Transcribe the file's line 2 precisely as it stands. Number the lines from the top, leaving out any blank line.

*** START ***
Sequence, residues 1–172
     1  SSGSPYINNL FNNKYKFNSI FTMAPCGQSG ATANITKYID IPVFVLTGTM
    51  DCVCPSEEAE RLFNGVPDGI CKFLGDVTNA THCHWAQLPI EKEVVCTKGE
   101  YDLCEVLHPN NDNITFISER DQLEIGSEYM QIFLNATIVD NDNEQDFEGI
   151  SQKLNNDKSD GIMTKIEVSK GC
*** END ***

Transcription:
     1  SSGSPYINNL FNNKYKFNSI FTMAPCGQSG ATANITKYID IPVFVLTGTM